Yesterday, we shared our in-depth articles. We heard three articles, of varying lengths, that used the required elements of an in-depth; research and attribution (quotes or paraphrasing). It's not too late to submit an in-depth. In fact, I want to stress that the assignment was not optional. Everyone should be giving as much effort as possible on all assignments. This is the right venue to try and even fail! There are no grades and we are all here to support one another...and learn! Students can change their topic if they like.
Next week, we will have our layout session for Issue II! I am very excited about this issue as we will be increasing our publication by four pages and including broader and very relevant topics such as beach erosion, working conditions in factories, and the presence of corn and corn by-products in our food supply.
Our in-depth article that secured the students' votes to be included in Issue II was an article on the role of cakes in cultural celebrations. Bravo!
The publication date for Issue II is December 17. On Monday, December 10, your student will receive their article back from the News Editor. We are going to be experiencing the true meaning of deadline with this issue. Your student must email to me by MIDNIGHT December 11, his or her edited article, or it will not be included in this issue. Since we would have secured a spot for the student's article in the layout session, this means that failure to meet the deadline will result in major content problems for the paper (and the Editor-in-Chief, i.e., Yours Truly), therefore, missing the deadline is not optional.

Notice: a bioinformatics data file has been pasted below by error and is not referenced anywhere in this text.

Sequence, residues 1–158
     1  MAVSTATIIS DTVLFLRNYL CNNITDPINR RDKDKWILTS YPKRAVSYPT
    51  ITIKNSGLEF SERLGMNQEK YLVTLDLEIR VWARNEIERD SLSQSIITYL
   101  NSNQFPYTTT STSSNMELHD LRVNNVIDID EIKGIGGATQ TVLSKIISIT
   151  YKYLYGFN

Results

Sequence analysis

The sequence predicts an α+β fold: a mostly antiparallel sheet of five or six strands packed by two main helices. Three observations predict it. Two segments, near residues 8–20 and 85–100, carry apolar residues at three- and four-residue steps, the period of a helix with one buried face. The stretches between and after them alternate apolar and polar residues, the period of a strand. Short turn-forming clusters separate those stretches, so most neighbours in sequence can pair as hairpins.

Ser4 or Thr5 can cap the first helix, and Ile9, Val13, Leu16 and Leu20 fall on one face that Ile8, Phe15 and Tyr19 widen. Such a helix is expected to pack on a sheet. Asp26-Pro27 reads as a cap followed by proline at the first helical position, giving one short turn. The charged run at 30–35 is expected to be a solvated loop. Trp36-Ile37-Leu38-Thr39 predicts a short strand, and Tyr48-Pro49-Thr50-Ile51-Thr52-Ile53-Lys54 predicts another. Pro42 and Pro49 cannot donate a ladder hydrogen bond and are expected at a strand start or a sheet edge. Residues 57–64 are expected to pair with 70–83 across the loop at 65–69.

To lighten the mood a little yesterday, we used the Grimm Brothers' version of "The Three Little Pigs" to illustrate the concept of "the missing voice" in a story, commonly known as perspective. To investigate "the other side of the story" we read through (in readers theater style) "The True Story of the Three Little Pigs" by Jon Scieszka, where we learn the "Big Bad Wolf" was mistakenly labeled through a simple misunderstanding. :>)
For homework, students were given the mission of re-writing a fairy tale from the perspective of a minor character that appears in the story. I gave them several options, and we went around the room and each student committed to a tale and a character. They are allowed to choose a different story and character if it stays true to the purpose of the exercise, but everyone should present a fairy tale on Monday. The choices were; Rapunzel, Cinderella, Hansel and Gretel, Rumpelstiltskin, and The Wizard of Oz.
Next week in addition to the layout session, we will be exploring bias in media and how it differs from perspective. See you then!